Christine König Galerie - celebrating its 30th anniversary - presents works by four young artists (1, 2, 3, 4), curated by the young team* of the gallery. Each artist was invited under the premise to create and show a site-specific installation that reflects upon the gallery's program, which since its foundation has been dealing with the central concerns of Christine König: politics and activism, feminism, literature, language, environmental concerns, and post-conceptual approaches. As the show is set out to be anything but a bleak retrospective, it will focus on present and future developments in order to not only advance the gallery's artistic program, but to expand its international network and to build support for young artists.
Banal objects within dystopian or abandoned settings, dangerously silent: the works of Rebecca Ackroyd challenge the perception of space and its predefined codes. A roller shutter reading "Chrissie" on its box top, for example, engages in the artist's study of the transition and extinction of maiden names throughout family histories, although at the same time symbolizing fears of vacancy, neglect and decline, especially looking at the systemic shifts caused by rising nationalism, Brexit or climate change, to name only a few. Fiery red shells lay before it, deserted and displaced, as if waiting to be either reanimated or to explode. In both series, titled Carrier and Hunter/Gatherer respectively, the more than life-sized sculptures confront issues of belonging, availability and exclusion. Rebecca Ackroyd's paintings on the other hand evoke images that seem like snippets from colorful, dreamlike sequences, allowing us to glimpse at surreal moments, all of which may transport and create new and hopeful meanings within the bizarre landscapes they inhabit temporarily. It is this peculiar ambiguity and convincing speculation about our present and future combined with fierce aesthetics that align Rebecca Ackroyd's works with the values of the gallery.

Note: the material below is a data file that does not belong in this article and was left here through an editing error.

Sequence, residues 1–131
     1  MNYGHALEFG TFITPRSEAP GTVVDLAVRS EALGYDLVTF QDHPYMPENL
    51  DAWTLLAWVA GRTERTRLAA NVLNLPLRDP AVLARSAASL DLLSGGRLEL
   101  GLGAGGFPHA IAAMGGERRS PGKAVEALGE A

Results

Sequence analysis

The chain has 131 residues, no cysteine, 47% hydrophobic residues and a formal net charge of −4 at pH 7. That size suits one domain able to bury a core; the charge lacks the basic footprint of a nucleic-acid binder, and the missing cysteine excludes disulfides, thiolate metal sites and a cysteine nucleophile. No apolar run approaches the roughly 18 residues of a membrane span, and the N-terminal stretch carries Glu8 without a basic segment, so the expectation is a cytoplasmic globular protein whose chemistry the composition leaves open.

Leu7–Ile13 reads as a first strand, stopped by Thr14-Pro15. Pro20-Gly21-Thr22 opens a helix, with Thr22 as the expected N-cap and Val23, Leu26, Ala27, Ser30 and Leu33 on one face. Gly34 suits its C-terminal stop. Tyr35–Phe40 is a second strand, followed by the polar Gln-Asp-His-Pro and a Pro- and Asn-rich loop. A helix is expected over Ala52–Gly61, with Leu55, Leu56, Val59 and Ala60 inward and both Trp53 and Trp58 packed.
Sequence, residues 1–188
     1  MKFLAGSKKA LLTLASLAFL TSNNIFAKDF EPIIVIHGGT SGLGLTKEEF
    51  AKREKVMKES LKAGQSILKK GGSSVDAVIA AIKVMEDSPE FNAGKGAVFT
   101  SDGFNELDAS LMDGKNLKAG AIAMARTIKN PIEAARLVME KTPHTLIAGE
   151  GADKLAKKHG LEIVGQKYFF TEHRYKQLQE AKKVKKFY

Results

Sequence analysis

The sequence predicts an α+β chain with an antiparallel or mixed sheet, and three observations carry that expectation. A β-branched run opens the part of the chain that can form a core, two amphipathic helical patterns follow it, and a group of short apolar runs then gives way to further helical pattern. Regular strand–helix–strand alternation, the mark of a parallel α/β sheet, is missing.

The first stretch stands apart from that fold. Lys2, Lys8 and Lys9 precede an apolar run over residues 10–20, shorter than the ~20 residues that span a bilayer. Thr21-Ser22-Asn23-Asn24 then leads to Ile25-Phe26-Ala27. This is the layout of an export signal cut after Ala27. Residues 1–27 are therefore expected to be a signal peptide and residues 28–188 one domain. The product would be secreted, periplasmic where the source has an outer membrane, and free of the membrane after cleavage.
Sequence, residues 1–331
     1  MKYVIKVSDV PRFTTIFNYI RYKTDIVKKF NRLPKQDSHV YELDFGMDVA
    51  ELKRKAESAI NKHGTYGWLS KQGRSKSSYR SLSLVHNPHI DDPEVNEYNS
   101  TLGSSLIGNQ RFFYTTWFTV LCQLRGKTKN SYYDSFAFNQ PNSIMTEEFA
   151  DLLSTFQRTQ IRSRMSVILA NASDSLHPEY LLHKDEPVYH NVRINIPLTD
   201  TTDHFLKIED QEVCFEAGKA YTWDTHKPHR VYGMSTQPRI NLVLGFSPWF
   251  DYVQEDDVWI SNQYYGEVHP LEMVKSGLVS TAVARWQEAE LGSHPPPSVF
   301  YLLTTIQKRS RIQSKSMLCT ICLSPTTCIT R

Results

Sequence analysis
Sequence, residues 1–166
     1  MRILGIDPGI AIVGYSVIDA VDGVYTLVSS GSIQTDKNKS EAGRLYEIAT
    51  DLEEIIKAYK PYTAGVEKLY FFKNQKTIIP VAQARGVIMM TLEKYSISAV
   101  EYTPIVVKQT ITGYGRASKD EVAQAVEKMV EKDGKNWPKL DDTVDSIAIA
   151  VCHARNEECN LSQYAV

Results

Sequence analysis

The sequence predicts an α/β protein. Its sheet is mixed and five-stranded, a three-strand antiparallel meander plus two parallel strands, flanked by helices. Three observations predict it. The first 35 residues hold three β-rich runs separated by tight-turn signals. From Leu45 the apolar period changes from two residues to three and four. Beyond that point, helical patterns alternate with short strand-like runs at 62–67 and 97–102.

We are a little bit addicted to social media and adore scrolling through and staring at the weird, the fluid, sexy slick surfaces, and Louisa Clement's works. Gliedermensch, a series depicting wooden articulated mannequin striking sometimes intimate, often abstract poses, may serve as an overall embodiment of her practice: the digital images, dark yet slick in appearance, speak of animation, automatization, and the relationship between the human and non-human. Forced into anatomically impossible positions, the subtle staging displays the uncanny madness of our century, demystifying ideals of beauty, the body, and sex in an aesthetic comparable to pre-body-positivity ad campaigns. Still, the artist's protagonists do not point fingers as they are anonymous beings, serving as mirrors rather than representing specific narratives. The artificial quality within Louisa Clement's works is even more prominent in the series Avatar. The fiberglass mannequins come in strong pastel hues and seem to develop into animated, moving characters in the video series Not Lost In You. In it, they interact in a hypnotizing yet slightly odd way - hence, it comes as no surprise that the power of seduction incorporated by our digital world is the artist's ground for manipulation and critique of it.